The contractor claimed that the former commissioner had directed that the columns should be put up plain, without fluting. Believing this to be contrary to the original plan and specifications, and not adapted to the general style of the building, I directed that the columns should be fluted, and set up on the full attic base. The contractor also claims that the general style of finish is more expensive than his contract calls for, and claims an extra allowance on that account, as well as for incidental work not distinctly stated in his contract.

Your commissioner is, however, of the opinion that the style is no better, and many of the incidental jobs no more than would have been anticipated and estiinated for by an experienced workman; and that the Territory ought not to suffer in consequence of the ignorance of a contractor who undertakes business which he knows nothing about.

Still it must be confessed that there is an unpardonable degree of looseness about the contract with Mr. Baxter. There is nothing specified to be done in the court room but its ordinary finish as a room No columns to support the Representatives' Hall above it—no Judge's desk; and nothing said about the two cornices in the dome. This is the more unfortunate, as, in the judgment of your commissioner, the appropriation of seven thousand dollars, made by the legislature, was amply sufficient for finishing the building entire and in good style,

That part of the roof put on by Mr. Morrison, comprising the whole of the main roof, is worth just nothing, minus the expense of striking off the shingles and preparing it for new ones. There is scarcely a sound shingle in the whole roof. They were so shaky that many of them which were once a foot wide, now lie upon the roof in splints which will scarcely average an inch in width; and multitudes of them, more than I ever saw in any other lot, are what we call bastard shingles, and never consider them worth laying. Consequently, the roof cannot shelter the building, in any tolerable degree, for more than a year or two longer,

The dome, as before intimated, can never be permanently tight till it is re-tinned in a proper manner. It has been iwice tinned already, but to no purpose, when a trifling addition to the expense at either time would have prevented the possibility of a leakage.

Such is the misery and folly of letting contracts of this kind to men who are totally ignorant of the art of building. They cannot know what materials they want, or whether they are good or bad when they get them. They will give directions to their work. men, when they are neither capable of giving directions i hemselves, or of understanding those given by a workman; and the invariable consequence of such quackery is, the mutual dissatisfaction and injury of the parties.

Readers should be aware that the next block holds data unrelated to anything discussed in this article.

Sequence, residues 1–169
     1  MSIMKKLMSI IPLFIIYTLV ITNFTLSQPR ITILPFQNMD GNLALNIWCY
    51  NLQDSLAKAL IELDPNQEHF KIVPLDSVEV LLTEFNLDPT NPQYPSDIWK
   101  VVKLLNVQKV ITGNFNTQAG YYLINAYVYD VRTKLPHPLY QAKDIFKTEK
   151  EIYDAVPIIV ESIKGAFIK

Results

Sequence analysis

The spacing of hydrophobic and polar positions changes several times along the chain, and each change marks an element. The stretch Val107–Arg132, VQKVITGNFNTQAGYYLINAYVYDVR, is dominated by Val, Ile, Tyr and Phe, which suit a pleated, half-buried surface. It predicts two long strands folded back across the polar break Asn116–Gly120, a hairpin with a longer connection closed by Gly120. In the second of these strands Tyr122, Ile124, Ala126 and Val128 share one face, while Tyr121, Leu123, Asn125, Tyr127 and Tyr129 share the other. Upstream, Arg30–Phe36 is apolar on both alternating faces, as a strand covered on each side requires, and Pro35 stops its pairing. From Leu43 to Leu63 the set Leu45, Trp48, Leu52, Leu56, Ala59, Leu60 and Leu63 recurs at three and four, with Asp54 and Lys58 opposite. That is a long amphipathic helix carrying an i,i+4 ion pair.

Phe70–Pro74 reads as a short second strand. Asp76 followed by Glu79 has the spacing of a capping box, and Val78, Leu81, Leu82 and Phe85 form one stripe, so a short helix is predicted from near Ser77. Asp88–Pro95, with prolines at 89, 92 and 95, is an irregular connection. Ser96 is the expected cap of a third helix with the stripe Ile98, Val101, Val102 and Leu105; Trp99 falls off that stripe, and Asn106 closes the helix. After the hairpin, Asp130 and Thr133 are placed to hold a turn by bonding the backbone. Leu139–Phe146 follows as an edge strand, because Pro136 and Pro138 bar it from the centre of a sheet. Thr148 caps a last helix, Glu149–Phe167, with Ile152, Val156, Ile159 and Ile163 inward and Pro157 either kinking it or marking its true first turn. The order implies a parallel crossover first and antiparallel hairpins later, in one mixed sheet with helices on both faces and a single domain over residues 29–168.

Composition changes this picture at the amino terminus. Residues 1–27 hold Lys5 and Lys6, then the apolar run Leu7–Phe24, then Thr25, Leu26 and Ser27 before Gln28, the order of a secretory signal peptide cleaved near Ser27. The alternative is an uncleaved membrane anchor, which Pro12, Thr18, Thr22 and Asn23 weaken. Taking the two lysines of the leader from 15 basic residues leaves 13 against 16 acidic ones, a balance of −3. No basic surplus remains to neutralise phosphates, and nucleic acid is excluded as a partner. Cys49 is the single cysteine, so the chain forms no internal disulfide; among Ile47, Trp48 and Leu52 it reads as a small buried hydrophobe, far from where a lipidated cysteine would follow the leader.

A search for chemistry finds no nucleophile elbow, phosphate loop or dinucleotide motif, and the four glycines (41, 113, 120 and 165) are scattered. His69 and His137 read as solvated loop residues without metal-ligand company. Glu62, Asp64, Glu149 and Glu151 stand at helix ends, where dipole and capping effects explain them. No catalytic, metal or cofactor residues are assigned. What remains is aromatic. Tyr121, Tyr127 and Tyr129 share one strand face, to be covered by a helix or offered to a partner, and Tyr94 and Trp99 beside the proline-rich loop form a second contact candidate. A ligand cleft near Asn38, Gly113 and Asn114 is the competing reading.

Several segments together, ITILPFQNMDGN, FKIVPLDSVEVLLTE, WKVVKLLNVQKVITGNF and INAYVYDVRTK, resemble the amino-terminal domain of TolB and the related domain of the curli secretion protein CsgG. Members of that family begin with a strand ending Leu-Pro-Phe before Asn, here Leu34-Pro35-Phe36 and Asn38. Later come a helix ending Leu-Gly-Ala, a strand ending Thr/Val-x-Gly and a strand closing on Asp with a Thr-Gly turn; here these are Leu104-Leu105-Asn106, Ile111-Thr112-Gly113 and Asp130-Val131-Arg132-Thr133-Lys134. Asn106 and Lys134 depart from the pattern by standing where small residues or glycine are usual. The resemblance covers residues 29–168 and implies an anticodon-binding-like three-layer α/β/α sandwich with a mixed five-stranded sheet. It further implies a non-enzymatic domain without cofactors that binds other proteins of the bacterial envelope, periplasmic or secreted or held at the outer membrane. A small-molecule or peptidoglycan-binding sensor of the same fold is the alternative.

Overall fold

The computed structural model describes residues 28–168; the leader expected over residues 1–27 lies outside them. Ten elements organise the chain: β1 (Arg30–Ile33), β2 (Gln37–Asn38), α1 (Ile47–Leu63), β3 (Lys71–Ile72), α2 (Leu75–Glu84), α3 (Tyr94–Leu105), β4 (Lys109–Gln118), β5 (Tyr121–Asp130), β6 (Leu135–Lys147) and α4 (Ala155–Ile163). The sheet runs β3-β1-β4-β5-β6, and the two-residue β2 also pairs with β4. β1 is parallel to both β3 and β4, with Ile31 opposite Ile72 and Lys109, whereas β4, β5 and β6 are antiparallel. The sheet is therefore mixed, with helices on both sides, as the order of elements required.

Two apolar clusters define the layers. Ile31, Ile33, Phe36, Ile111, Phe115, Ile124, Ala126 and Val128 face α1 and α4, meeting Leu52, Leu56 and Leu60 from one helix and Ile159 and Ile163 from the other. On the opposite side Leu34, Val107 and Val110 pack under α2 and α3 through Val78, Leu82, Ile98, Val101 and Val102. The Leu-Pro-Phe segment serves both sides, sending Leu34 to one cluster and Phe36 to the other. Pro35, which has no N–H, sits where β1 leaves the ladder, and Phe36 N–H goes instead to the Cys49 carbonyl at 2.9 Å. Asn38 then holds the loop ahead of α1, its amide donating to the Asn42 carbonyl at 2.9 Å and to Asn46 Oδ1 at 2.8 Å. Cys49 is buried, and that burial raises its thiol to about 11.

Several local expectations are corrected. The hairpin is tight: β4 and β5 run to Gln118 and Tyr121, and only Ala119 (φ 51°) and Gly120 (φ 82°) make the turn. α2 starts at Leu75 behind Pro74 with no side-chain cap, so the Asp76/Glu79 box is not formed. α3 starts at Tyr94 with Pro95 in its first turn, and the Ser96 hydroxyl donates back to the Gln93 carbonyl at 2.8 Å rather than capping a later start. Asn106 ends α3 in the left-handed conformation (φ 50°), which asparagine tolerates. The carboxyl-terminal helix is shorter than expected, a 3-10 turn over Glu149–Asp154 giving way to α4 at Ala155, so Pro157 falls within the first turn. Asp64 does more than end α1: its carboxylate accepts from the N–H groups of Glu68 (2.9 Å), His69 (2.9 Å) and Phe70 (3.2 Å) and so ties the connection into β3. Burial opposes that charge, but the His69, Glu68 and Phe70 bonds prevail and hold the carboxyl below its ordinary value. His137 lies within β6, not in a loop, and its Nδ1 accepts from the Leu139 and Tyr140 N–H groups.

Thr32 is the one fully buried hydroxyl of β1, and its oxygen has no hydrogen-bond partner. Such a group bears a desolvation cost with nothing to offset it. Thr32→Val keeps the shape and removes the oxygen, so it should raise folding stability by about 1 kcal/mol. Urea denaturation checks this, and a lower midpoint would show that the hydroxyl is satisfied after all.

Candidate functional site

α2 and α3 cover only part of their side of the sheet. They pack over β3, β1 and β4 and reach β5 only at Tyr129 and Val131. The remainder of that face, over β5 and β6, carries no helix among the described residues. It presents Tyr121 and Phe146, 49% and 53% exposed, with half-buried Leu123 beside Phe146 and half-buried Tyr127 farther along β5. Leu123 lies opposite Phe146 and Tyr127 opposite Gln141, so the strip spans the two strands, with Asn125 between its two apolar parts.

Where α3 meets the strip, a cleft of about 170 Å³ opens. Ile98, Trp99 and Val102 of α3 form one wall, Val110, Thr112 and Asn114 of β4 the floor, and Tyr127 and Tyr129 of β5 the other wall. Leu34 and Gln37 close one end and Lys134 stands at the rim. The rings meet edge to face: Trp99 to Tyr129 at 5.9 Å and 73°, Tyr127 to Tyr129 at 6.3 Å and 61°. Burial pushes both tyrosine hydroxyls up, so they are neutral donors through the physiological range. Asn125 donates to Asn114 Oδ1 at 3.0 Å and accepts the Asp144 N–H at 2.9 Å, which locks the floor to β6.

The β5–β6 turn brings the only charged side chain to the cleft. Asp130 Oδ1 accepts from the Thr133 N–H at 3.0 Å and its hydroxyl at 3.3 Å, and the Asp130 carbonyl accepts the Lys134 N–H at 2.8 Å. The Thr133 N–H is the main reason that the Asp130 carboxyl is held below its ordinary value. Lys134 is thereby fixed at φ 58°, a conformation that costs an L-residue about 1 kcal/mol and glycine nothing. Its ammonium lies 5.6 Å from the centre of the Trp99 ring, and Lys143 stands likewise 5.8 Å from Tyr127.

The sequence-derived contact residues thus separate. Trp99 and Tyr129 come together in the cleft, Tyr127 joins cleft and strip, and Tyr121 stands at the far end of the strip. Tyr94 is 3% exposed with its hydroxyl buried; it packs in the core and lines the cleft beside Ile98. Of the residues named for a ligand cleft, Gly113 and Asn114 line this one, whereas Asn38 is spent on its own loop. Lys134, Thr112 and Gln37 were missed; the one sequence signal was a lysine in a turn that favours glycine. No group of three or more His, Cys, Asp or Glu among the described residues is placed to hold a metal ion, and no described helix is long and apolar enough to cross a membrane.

If your commissioner may be permitted to go behind his commission, he would express his conviction that Mr. Baxter ought never to have had the contract. The bid of Messrs. Hart & Jackson, of Green Bay, was below that of Mr. Baxter, and their known character for workmanship and business energy, entitled them to the contract by a preference of one thousand dollars, at leas!, over Mr. Baxter.

Had the contract been let to these gentlemen, they would doubtless have done it up before the Governor could have had time to repudiate the bonds, and a deal of trouble and expense would have been avoided.

The Territorial suits are not yet disposed of. Previous to the April tern of the court in Walworth county, the counsel for the Territory, at the solicitation of the defendant's counsel, consented to a continuance of the suits upon their agreeing to a preemptory trial at the fall term. At the October term the cases were reach

ed, and after a series of lengthy arguments, the suit against Morrison was withdrawn, on account of a seriolis defect in the decla. ration, and costs fell upon the Territory. In the suit against Doty and his sureties, the declaration was also found to be defective, and could only be amended by the Territory paying the cost What these costs amounted to I have not ascertained, having left court before the decisions were made. I have written to the clerk of the court requesting a statement of the costs, to be forwarded to one of the presiding officers of the legislature. Whether the counsel for the Territory commenced anew against Mr. Morrison, your commissioner has not been informed. No question has as yet been decided which at all militates against the right of the Territory to recover heavy judgments against the defendants.

These judgments, however, can never be reached, while the court is confined to one week only at a session. One half of the week is necessarily occupied with real business, and it is the easiest matter in the world for the lawyers to spout away the other half without getting at a trial; and if it would not be interfering with an Executive prerogative, your commissioner would respectfully recommend that the legislature should take the matter in hand, and assign to the court in Walworth county at least three weeks to a session, which would probably worry their wind and bring them to a trial.

Your commissioner would, in conclusion, respectfully suggest the propriety of some action on the part of your honorable body in relation to the discrepancies existing between Mr. Baxter's contract and the proceedings under that contract, and the existing laws in relation to the capitol, and especially that the meaning and extent of the contract be defined and the question of extra work disposed of. Respectfully submitted,

JOHN Y. SMITH,

Com. of Public Buildings.

[DOCUMENT A.]

Madison, Feb. 23, 1841. Dear Sir:-I have taken possession of the capitol at this place, and left it in charge of the librarian, with directions to allow you